AB 2060 (Garcia, Eduardo) would have required advanced payment of grants disbursed through the Integrated Regional Water Management plan program, the State Water Pollution Control Revolving Fund Small Community Grant Fund, and the Water Quality, Supply, and Infrastructure Improvement Act of 2014 (Proposition 1). Brown vetoed noting, “I appreciate the author’s intent to help nonprofit organizations and disadvantaged communities meet cash-flow needs when managing projects. In recent years, however, the State Water Board has established other means for grantees or address cash-flow problems. For example, the State Water Board facilitates payment of invoices, including paying additional fees to the State Controller for expedited processing. Additionally, when a grantee obtains a bridge loan to access funds before completion of a project, the State Water Board will reimburse the grantee for interest costs. As such, the additional financial risks and administrative costs associated with advanced payments, as proposed in AB 2060, are unwarranted.”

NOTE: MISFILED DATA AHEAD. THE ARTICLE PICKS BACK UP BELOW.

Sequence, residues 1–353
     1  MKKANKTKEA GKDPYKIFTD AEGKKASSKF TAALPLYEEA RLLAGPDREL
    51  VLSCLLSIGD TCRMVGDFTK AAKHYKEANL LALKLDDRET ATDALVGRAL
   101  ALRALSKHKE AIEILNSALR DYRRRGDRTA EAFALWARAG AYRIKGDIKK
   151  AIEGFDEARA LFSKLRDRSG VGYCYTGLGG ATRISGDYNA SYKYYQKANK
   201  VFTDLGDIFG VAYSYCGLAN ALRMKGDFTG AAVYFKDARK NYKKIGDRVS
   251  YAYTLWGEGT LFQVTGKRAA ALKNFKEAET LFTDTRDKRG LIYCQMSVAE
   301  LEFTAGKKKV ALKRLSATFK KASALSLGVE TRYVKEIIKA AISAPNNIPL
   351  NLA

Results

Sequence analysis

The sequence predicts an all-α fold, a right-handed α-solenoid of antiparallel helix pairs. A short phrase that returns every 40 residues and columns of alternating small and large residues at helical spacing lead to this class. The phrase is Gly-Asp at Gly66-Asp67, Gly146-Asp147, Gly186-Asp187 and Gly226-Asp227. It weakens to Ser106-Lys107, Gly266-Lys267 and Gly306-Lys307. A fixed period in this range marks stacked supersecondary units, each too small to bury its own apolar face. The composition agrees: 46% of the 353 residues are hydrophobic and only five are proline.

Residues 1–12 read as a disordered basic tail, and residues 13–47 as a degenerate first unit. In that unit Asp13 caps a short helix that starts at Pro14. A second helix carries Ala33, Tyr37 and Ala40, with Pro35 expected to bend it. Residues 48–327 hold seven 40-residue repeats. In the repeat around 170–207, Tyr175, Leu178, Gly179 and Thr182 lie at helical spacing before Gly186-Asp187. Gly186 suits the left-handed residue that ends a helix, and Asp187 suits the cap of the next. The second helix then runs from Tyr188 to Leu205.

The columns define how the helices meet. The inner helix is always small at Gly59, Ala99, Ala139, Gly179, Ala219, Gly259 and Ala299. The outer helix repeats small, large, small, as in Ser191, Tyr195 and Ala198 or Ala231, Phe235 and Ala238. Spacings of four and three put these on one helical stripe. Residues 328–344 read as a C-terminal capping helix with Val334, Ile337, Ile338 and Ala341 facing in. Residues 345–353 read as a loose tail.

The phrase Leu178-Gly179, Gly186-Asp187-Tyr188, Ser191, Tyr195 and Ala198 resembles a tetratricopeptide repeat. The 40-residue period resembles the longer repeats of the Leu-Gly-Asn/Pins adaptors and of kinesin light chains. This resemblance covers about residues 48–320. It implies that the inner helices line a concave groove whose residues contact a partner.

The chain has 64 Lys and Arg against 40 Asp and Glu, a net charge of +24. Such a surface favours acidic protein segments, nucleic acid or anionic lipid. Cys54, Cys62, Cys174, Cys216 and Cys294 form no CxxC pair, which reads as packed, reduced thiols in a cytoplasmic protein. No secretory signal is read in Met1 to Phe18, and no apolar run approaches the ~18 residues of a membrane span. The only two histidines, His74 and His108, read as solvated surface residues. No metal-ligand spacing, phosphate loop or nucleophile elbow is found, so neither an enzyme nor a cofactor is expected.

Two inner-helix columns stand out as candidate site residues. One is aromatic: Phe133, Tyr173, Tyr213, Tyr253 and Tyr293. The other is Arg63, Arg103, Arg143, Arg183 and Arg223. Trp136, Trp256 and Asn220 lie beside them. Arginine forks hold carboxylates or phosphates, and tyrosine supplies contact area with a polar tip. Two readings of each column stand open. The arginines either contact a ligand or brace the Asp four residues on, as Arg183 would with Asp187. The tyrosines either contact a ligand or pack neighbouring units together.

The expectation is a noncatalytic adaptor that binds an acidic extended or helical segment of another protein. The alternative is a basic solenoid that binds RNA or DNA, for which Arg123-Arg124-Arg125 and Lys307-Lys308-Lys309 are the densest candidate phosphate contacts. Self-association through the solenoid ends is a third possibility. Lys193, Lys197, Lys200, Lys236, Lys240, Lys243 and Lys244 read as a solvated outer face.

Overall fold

AB 2064 (Gloria) This bill would have established requirements relating to the advanced funding for grants awarded from the Integrated Regional Water Management Plan (IRWMP) program for projects executed by nonprofit organizations and disadvantaged communities, or projects located in disadvantaged communities, less than $1 million. Brown vetoed noting “To date, the Department of Water Resources has advanced approximately $8.7 million for seven grants from Proposition 84 funds and five grants from Proposition 1 funds. Notwithstanding the merits of this bill, the additional financial risk and administrative costs associated with the advanced payment process, as proposed in this bill, are unwarranted.”

AB 2501 (Chu) Revises and recasts existing law to expand the State Water Resources Control Board’s (State Water Board’s) authority to order the consolidation of, and appoint an administrator for, drinking water systems that serve a disadvantaged community and that consistently fail to provide safe, affordable drinking water. Chaptered

SB 998 (Dodd) exempts some urban and community water systems from existing procedural safeguards against residential utility shut-offs when customers fail to pay their utility bills. Chaptered

Water Quality